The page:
Henry Segerstrom lived a life of art, culture and commerce. He built a legacy of luxury at South Coast Plaza. He traveled the world seeking out global brands to add to the collection at the retail center and performing artists to bring to Segerstrom Center for the Arts. With such a cosmopolitan life, it might surprise some to know that one of his areas of expertise and passion was the nuances of water policy.

Henry was elected to the Orange County Water District for a four-year term beginning in 1957 and re-elected six times after that for a total of 28 years—16 of them as president. His leadership helped usher the area through a transition from a rural region where 90 percent of the water was used for agriculture to a densely populated and thriving community where 90 percent of the water goes to residential, commercial and industrial uses. During his time on the board, the water district was a leader in efforts to protect and replenish the aquifer that underlies Orange County, at a time when the dangers of salt-water intrusion were just being understood. If salt water came into that aquifer, it could have destroyed it as a resource for drinking or agriculture.

He led a team that included Stanford University engineers to develop innovative reverse osmosis for a proposed desalination plant in Huntington  Beach.  The  plant  ultimately  wasn’t built,  but  the

groundbreaking technology was later shared with Israel, earning Mr. Segerstrom the Tree of Life Award from the Jewish National Fund, presented to him by Margaret Thatcher.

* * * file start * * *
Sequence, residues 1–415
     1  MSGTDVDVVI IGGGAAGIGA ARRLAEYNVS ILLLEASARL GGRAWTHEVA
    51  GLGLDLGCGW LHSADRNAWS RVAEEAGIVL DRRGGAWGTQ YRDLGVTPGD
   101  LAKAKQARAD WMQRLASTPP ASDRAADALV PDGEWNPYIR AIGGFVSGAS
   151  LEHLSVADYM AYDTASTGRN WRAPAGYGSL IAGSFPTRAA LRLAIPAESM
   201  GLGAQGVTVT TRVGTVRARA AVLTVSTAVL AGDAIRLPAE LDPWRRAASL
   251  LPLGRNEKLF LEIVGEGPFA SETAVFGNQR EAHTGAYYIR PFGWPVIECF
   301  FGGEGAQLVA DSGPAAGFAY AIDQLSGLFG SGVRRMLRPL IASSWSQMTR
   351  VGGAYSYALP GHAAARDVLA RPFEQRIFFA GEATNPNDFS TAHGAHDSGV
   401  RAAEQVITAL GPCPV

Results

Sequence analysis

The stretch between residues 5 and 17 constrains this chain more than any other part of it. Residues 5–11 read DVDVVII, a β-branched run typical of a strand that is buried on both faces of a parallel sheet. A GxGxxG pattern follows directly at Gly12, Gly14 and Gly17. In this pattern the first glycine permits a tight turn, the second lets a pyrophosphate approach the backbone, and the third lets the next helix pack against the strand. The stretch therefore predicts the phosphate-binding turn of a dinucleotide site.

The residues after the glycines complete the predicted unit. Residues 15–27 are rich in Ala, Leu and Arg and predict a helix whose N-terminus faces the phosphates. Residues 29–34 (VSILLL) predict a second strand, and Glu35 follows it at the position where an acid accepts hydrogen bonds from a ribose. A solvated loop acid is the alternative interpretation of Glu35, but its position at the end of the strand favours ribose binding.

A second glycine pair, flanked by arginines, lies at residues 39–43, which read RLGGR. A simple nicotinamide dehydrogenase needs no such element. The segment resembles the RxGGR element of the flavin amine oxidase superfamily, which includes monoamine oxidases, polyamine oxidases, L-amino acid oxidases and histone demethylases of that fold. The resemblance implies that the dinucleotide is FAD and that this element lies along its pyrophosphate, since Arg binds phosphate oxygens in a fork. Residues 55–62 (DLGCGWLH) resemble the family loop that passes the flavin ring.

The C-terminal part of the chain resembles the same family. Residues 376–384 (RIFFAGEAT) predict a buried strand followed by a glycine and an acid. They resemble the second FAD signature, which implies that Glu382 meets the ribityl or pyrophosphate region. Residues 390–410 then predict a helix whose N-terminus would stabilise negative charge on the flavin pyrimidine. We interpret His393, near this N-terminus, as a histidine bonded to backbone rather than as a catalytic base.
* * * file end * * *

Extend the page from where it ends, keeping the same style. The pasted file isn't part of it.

His mastery of water policy and related issues also served the family business and its home city of Costa Mesa. The Segerstrom land that would become South Coast Plaza was located in unincorporated parts of Orange County sought after for annexation for nearby cities Santa Ana and Costa Mesa. Henry and the family preferred that Costa Mesa succeed. Santa Ana already had a shopping center and there was the suggestion that the city would restrict development of the farm to residential uses. The new city of Costa Mesa needed a reliable source of water, and the Segerstroms had developed deep wells on their property. The parties agreed that Costa Mesa would lease the family’s water rights as an offset to city taxes on the annexed Segerstrom land.

Today, the vast groundwater basin that Segerstrom and the district helped protect provides most of the drinking water for northern and central Orange County. The OC Water District maintains one of the world’s most advanced aquifer recharge systems to replace the water that is pumped to local water agencies, cities and other groundwater users.

After all of his success in so many areas of endeavor, Henry Segerstrom often said that nothing gave him more satisfaction than his work with his local water district.